NASSAU, BAHAMAS — A former Cabinet minister yesterday described the Access to Affordable Homes (Amendment) Bill, 2021 as “inherently discriminatory,” arguing that it goes against the principle of fairness and equal treatment under the law.
“I get the laudable intent but in my mind, this Bill goes against the principle of fairness and equal treatment under the law and invites a court challenge,” said East End Grand Bahama MP K Peter Turnquest while delivering his contribution to the 2021/2022 budget.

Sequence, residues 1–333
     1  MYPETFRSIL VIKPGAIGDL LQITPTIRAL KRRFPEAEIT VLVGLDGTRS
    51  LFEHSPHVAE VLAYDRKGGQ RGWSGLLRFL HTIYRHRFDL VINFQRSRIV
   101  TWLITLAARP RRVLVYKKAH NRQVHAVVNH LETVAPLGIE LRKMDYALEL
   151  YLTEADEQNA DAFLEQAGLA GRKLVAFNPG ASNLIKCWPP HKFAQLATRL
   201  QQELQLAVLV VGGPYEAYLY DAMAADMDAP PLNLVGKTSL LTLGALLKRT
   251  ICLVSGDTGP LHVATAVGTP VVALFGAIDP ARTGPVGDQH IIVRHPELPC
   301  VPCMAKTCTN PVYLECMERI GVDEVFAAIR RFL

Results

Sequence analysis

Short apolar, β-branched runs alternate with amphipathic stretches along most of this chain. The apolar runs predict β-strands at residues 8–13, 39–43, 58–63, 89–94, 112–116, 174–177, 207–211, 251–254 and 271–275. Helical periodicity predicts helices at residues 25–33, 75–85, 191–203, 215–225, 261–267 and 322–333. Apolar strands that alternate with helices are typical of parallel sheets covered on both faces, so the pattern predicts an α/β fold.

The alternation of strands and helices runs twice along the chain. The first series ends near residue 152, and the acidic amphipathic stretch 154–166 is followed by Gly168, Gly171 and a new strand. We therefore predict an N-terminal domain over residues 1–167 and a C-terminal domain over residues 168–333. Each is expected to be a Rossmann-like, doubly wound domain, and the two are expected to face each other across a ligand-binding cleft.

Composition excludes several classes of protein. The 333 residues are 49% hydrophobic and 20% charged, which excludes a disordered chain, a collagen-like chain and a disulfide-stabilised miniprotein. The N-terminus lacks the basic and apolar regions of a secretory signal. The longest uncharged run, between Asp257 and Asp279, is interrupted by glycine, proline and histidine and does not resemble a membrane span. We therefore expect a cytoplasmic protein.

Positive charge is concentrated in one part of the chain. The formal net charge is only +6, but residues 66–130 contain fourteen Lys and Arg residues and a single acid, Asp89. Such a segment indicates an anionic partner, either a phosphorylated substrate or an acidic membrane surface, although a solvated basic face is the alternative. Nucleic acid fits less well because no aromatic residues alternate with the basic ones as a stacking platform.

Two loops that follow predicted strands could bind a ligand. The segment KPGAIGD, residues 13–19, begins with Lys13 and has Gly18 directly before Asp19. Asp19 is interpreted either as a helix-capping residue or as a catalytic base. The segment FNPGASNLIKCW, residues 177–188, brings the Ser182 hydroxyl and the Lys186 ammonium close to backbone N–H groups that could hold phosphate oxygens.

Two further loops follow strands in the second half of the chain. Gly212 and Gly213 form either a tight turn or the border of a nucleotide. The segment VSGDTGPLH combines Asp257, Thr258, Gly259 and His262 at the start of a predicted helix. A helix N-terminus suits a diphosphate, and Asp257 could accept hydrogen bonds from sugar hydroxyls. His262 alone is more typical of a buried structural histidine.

Turnquest described the Bill as “extremely worrisome,” stating that it is “inherently discriminatory on many fronts, though well-intentioned.”
“Every citizen of the Bahamas is an equal taxpayer and has an inalienable right to enjoy equal benefits provided by the state,” he continued.
“This Bill however seeks to carve out benefit for a specific group to the ultimate exclusion of other groups equally as disenfranchised when it comes to the affordability of land and construction.
Leaving the fact that the Bill is Nassau centric in its design, and Killarney specific interestingly enough, the Bill proposes to use taxpayer money to grant a concession to one group over another.”